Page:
{cmd:e(}{it:name}{cmd:)}; may also type {it:name}{cmd:[}#{cmd:,]}
or {it:name}{cmd:[}#{cmd:]}
{p_end}
{p2col:{it:name}{cmd:[.,}#{cmd:]}}use #th column of
{cmd:e(}{it:name}{cmd:)}; may also type {it:name}{cmd:[,}#{cmd:]}
{p_end}
{p2colreset}{...}
{marker at}{...}
{phang}
{cmd:at}[{cmd:(}{it:spec}{cmd:)}] causes plot positions to be determined
by the values in {cmd:e(at)} (or matrix {cmd:at}) or as specified by
{it:spec}. The default is to create a categorical axis with coefficients
matched by their names. However, if {cmd:at} is specified, the axis is
treated as continuous. Note that labeling options
{cmd:coeflabels()}, {cmd:eqlabels()}, {cmd:headings()}, or {cmd:groups()}
are not allowed if {cmd:at} is specified. Also not allowed with {cmd:at}
are options {cmd:bycoefs}, {cmd:order()}, and {cmd:relocate()}.
Furthermore, note that {cmd:at} has to be specified for all models or
for none. {it:spec} is
[{it:atspec}] [{cmd:,} {opt t:ransform(exp)}]
{pmore}
where {it:atspec} may be
{p2colset 13 27 29 2}{...}
{p2col:{it:mspec}}as above for {helpb coefplot##b:b()}
{p_end}
{p2col:#}use #th at-dimension ({helpb margins}) or #th row/column of main matrix
{p_end}
{p2col:{opt m:atrix(mspec)}}read from matrix instead of {cmd:e()}
{p_end}
{p2col:{opt _coef}}use coefficient names as plot positions
{p_end}
{p2col:{opt _eq}}use equation names as plot positions
{p_end}
{p2colreset}{...}
{pmore}
If {cmd:at} is specified without argument, the plot positions are taken from the first row
of {cmd:e(at)} (or matrix {cmd:at}). A special case are results from
{helpb margins} where recovering the plot positions is more
complicated. The default in this case is to use the first
at-dimension. Type, e.g., {cmd:at(2)} if multiple at-dimension were specified
with {helpb margins} and you want to use the second dimension. Furthermore,
in matrix mode (see
{help coefplot##matrix:{it:Plotting results from matrices}} below), {cmd:at(2)}
would read the plot positions from the 2nd row (or column) of the main matrix.
{pmore}
When plotting results from {cmd:e()} it is sometimes convenient to
maintain an external matrix with the plot positions instead of
adding plot positions to each {cmd:e()}-set. In this case you can use
syntax {cmd:at(matrix(}{it:mspec}{cmd:))} to read the plot positions. Note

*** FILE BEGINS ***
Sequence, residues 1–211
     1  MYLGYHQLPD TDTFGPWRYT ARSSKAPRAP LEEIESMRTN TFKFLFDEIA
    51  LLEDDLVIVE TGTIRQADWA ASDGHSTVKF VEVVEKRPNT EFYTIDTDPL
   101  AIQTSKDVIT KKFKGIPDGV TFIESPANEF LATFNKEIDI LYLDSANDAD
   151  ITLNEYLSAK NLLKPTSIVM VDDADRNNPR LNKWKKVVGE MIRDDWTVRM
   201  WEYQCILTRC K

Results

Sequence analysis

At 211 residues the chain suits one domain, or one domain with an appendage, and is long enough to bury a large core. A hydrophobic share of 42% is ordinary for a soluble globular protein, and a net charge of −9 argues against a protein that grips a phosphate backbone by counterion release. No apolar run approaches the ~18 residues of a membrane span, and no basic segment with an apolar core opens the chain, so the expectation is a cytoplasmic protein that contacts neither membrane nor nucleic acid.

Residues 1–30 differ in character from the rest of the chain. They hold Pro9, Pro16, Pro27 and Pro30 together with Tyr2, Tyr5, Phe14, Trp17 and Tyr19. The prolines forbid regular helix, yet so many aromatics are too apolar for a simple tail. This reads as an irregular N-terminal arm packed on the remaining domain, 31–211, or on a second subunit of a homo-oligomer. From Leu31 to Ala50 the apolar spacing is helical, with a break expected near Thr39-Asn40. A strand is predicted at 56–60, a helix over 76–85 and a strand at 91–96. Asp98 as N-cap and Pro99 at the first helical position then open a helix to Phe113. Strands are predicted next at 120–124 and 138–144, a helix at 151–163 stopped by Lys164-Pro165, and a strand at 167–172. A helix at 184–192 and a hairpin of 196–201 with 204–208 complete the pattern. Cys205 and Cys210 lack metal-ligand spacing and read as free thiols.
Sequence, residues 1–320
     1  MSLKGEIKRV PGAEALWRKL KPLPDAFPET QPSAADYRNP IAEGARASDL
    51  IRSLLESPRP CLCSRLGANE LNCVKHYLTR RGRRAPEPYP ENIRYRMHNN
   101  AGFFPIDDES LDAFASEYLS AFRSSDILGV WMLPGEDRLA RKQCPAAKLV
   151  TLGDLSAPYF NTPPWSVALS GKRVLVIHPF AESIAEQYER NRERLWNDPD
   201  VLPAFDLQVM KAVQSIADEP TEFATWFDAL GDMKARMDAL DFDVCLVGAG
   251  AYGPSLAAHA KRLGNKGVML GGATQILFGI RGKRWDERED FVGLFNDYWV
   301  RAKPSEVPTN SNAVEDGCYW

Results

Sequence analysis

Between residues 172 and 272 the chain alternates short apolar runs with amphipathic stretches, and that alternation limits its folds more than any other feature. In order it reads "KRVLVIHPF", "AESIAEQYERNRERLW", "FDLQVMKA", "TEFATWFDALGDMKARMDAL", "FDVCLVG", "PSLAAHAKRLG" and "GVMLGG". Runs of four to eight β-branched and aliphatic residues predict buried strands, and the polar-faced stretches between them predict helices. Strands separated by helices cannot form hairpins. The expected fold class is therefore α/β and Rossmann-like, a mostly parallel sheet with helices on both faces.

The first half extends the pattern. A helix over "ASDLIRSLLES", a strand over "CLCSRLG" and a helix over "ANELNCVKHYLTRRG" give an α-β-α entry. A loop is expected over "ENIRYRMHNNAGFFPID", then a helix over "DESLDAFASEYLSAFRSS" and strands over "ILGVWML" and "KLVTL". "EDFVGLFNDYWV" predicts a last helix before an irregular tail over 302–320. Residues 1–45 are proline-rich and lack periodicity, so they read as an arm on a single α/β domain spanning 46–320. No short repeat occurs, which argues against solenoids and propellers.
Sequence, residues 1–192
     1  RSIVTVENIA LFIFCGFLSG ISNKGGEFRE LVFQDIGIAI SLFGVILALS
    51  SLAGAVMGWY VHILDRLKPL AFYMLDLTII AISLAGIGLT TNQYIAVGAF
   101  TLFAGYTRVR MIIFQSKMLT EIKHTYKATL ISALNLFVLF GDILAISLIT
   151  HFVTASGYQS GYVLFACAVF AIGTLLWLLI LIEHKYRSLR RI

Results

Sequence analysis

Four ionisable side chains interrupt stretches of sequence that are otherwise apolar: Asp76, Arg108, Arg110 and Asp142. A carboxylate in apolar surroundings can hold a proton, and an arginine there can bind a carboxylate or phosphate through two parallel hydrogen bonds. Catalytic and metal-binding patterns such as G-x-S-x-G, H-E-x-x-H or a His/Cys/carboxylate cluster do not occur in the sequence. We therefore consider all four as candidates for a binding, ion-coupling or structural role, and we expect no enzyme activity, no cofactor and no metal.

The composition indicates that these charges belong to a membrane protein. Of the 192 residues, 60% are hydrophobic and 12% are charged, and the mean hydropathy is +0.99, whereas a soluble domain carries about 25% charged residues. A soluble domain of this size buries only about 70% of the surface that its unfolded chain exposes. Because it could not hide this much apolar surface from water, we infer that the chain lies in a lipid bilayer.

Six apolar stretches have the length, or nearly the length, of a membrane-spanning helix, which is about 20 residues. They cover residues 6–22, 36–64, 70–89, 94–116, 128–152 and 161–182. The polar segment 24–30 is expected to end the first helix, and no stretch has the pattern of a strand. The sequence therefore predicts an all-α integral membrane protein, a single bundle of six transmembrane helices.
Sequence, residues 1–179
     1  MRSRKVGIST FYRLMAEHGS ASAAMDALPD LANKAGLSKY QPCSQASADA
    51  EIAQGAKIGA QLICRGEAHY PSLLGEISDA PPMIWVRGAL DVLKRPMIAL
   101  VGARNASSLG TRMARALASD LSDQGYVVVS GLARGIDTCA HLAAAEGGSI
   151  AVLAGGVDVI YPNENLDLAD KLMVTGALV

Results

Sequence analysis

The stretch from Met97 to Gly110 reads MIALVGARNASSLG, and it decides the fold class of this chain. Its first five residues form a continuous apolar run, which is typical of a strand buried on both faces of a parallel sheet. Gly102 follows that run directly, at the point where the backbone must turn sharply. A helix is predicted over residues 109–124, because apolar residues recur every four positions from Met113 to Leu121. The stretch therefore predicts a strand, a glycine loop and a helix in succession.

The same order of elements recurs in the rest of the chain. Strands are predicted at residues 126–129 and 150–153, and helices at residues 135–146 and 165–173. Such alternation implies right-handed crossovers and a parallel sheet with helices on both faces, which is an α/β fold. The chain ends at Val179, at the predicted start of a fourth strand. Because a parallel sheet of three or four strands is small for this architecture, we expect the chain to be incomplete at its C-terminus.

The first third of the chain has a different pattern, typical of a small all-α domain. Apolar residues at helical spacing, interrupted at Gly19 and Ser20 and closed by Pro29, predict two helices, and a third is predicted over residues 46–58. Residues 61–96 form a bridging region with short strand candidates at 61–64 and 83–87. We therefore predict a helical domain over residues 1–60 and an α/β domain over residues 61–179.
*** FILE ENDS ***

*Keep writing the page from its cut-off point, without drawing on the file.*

that the vector of plot positions must have the same length as the
coefficient vectors of the plotted models; elements are matched by position,
not by name.
{pmore}
Furthermore, {cmd:at(_coef)} or {cmd:at(_eq)} will use the coefficient names or
the equation names as plot positions, respectively. This is useful only if
the coefficient names or the equation names are numeric. Note that you may
use {helpb coefplot##rename:rename()} and
{helpb coefplot##eqrename:eqrename()} to strip a non-numeric prefix or suffix
from coefficient names or equation names.
{pmore}
Suboption {cmd:transform()} transforms the plot positions before creating
the graph. Within the transformation expression, use {cmd:@} as a
placeholder for the value to be transformed. For example, to take the
antilogarithm of the plot positions type {cmd:transform(exp(@))}.
{marker keep}{...}
{phang}
{cmd:keep(}{it:coeflist}{cmd:)} specifies the coefficients to be
plotted. The default is to include all coefficients from the
first (nonzero) equation of a model (and discard further equations).
{it:coeflist} is a space-separated list of
elements such as:
{p2colset 13 25 27 2}{...}
{p2col:{it:coef}}keep coefficient {it:coef}
{p_end}
{p2col:{it:eq}{cmd::}}keep all coefficients from equation {it:eq}
{p_end}
{p2col:{it:eq}{cmd::}{it:coef}}keep coefficient {it:coef} from equation {it:eq}
{p_end}
{p2colreset}{...}
{pmore}
where {it:eq} and {it:coef} may contain "{cmd:*}" (any string) and
"{cmd:?}" (any nonzero character) wildcards. For example, type {cmd:keep(*:)} or
{cmd:keep(*:*)} to plot all coefficients from all equations.
{pmore}
If {it:eq} is specified, it is applied to all subsequent
names until a new {it:eq} is specified. For example,
{cmd:keep(3:mpg price 4:weight)} will plot coefficients "{cmd:mpg}" and
"{cmd:price}" from equation "{cmd:3}" and coefficient "{cmd:weight}" from
equation "{cmd:4}".
{marker drop}{...}
{phang}
{cmd:drop(}{it:coeflist}{cmd:)} drops the specified coefficients, where
{it:coeflist} is as above for {helpb coefplot##keep:keep()}.
{marker noci}{...}
{phang}
{cmd:noci} omits confidence intervals.
{marker levels}{...}
{phang}
{cmd:levels(}{it:{help numlist}}{cmd:)} sets the level(s), as percentages,
for confidence intervals. Specified values may be between 10.00 and 99.99
and can have at most two digits after the decimal point. The default is
{cmd:levels(95)} or as set by {helpb set level}. If multiple values are
specified, multiple confidence intervals are plotted. For example, type
{cmd:levels(99.9 99 95)} to plot the 99.9%, 99%, and 95% confidence
intervals. The default is to use (logarithmically) increasing line widths
for multiple confidence intervals. This behavior is disabled as soon as
{cmd:lwidth()} or {cmd:recast()} is specified within
{helpb coefplot##ciopts:ciopts()}.
{marker ci}{...}
{phang}
{cmd:ci(}{it:spec}{cmd:)} specifies the source from which to collect
confidence intervals. Default is to compute confidence intervals for the
levels specified in {cmd:levels()} using variances/standard errors (and,
possibly, degrees of freedom). The {cmd:ci()} option is useful to
plot confidence intervals that have been provided by the estimation
command (such as, e.g., {helpb bootstrap}). {it:spec} is
{it:cispec} [{it:cispec} ...]
{pmore}
where {it:cispec} is {it:name} to get the lower and upper confidence limits
from rows 1 and 2 of {cmd:e(}{it:name}{cmd:)} (or matrix {it:name}),
respectively. Alternatively, {it:cispec} may be {cmd:(}{it:mspec}